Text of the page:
Or at least it used to be.
I’m going to get a little Ron Manager here, for which I apologise. You see the big day in London has nothing to do with Boris’ victory and ‘non-taxpayer funded libation’ as he so wonderfully put it. Today is FA Cup Final day.
When I were a lad, the build up would start the weekend before the big match, come the day of the game itself the sense of anticipation would be almost tangible. If you weren’t a football fan it was probably unbearable. If you were a football fan it was equally as unbearable as it was so bloody exciting. The biggest game of the season, the set piece of the whole calendar, nothing came close to the Cup Final.
Today, even as a football fan, you wouldn’t know it was on.
It used to be carried by both the BBC and ITV, Channel 4 would show an old war movie (bugger you women who don’t like the football, get back in the kitchen and make some snacks). Whilst it was manifestly bloody stupid having two channels showing the same event, both would hype the match up to the max. Now only ITV show it, and there’s been no promotion at all. Not a dickie bird.
It’s half ten as I write this. The build up on the day would start around 9, 9:30 in the morning. A reporter outside each team hotel, giving us the run down on what they had for breakfast (the teams, not the reporters), which teams in previous years had used the same hotels and how they’d fared. Then you’d have the taped interviews with the manager, the grizzled old senior pro who’d been there before but always come up short, would this be his big year? The rookie who’d exploded onto the scene with the goal away to Villa in the fifth round third replay (remember those?) has he been touched by the hand of the Cup Final God, destined to cement his place in the annals of greatness?
Then you’d get the review of the entire competition, set to wittily chosen music; the amazing scenes as Arsechester Mechanics of the North Western Combined Counties League division two knock out Huddersfield Town on a bog of a pitch as a group of the town’s youngsters go mad in celebration and even the granite jawed old men smoking pipes raise their glasses and dab at damp eyes with a hankie, kidding on in the living room as the footage is shown again that it was cold. The sad moment as the great old pro is shown to have lost his legs, or the reverse as the old warhorse rolls back the years to show he’s still got it in a squeaker of a match against West Ham. You’d see the wonderful pictures of the guy who has cut out an approximation of the FA Cup from a cardboard box, covered it in tinfoil and taken it to the ground to wave around.
Next up, here’s Saint and Greavsie talking utter, utter bollocks for half an hour, but having such a good time while they do it, you can’t help but smile along with them.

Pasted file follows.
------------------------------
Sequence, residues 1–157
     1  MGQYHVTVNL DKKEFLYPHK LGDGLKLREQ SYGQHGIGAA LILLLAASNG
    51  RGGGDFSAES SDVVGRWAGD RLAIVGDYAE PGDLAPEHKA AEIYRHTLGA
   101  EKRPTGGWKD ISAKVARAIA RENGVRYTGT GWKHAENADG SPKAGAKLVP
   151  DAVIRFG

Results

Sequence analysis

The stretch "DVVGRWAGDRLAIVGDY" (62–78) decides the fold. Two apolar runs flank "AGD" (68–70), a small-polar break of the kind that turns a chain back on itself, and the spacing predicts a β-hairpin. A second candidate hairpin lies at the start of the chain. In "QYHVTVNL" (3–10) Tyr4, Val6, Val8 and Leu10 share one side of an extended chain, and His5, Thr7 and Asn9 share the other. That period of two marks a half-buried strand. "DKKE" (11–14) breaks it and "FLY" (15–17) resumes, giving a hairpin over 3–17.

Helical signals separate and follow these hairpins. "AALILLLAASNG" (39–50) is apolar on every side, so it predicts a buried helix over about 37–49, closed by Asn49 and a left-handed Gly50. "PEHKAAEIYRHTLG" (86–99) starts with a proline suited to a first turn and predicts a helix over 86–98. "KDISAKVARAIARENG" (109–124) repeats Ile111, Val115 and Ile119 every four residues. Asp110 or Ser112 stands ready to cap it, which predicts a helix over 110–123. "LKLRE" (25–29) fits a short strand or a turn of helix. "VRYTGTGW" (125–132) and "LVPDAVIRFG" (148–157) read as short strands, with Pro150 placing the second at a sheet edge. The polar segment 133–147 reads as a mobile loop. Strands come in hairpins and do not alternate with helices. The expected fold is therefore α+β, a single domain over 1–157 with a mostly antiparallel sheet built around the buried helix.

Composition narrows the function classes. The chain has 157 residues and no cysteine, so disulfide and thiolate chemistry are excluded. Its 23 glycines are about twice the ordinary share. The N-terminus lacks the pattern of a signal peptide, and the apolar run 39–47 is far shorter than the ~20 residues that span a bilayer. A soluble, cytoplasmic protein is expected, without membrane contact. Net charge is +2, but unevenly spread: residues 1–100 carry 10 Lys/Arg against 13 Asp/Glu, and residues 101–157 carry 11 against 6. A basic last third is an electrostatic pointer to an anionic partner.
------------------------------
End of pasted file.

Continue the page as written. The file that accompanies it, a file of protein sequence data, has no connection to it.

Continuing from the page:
What’s that? The buses have left the hotels? STOP EVERYTHING! THE BUSES HAVE LEFT THE HOTELS! So now we cut to a helicopter shot of a coach pulling out of some three star rep’s hotel, the excitement, they’re on their way! Then you realise you’re just watching footage of a bus with outriders driving down an A road into north London, but it doesn’t matter, it’s all part of the event.
Then we have the interviews with the club legends and sleb fans on the balcony overlooking the route down Wembley Way to the tube station. A river of colour, never any trouble. The legend remembers cup finals past, obligatory name check for Stanley Matthews in 1953 against Bolton, while the sleb demonstrates that s/he isn’t quite the fan that they claim to be, but hell, ITV’s bunged them thirty quid and a ticket so they make a bit of an effort.
Then, THE BUSES ARE HERE! We see them rolling in through the huge wooden doors that the old Wembley used to have, while a collection of pasty white youths in ill fitting Burton’s suits file off into the dressing rooms, no stylish foreigners here, no outsize headphones and good tailoring, this is the 80′s.
We now see them, still in their civvies, going out to walk the pitch! It is ridiculous, they’re professional footballers, they know what a football pitch looks like, half of them play for England, they’re there a dozen times a year. It doesn’t matter that it’s stupid, because it is all part of the event.
Then we get the team news, to the pundits sat in the box doubling as the studio as an earnest debate goes on about the selections, mandatory question about the one guy who’s had a good few weeks, but has now been dropped, how’s he feeling (how do you think he’s bloody feeling? This is the sodding Cup Final!)?
Finally, ten to three, the crowd sing Abide With Me. Lord knows why, but it’s not a bad old tune, and everyone joins in. Nice bit of community singing. No need for American style square bashing and jets flying overhead as they’re mixed with an image of Old Glory fluttering in the breeze. No, this is Wembley, hot greasy gristly pies and a bloke pissing down the rolled up newspaper in your pocket.
Then the players come out, and take the ridiculously long walk across the pitch from behind the goal to the halfway line. National Anthem, and then the presentation to the minor Royal. Some things never change, and this one won’t.
Finally, finally, we get to three pm and the game can kick off. And the pitch looks huge, and it’s always, always, a beautiful sunny day.
All of it, every last bit, was a bit of my childhood. The sheer excitement and eventness (is that a word? It is now!) seems to have gone now. Sure we have more than six matches a year on TV now, and the cash that has brought has undoubtedly improved the standard of footballer and football on offer, it has brought about improved conditions for players and fans, but somewhere along the road football has lost its soul.
Today the Cup Final kicks off at quarter past five, and there’s a bloody league match on before it. It just doesn’t seem right.
The magic is dying. It makes me sad.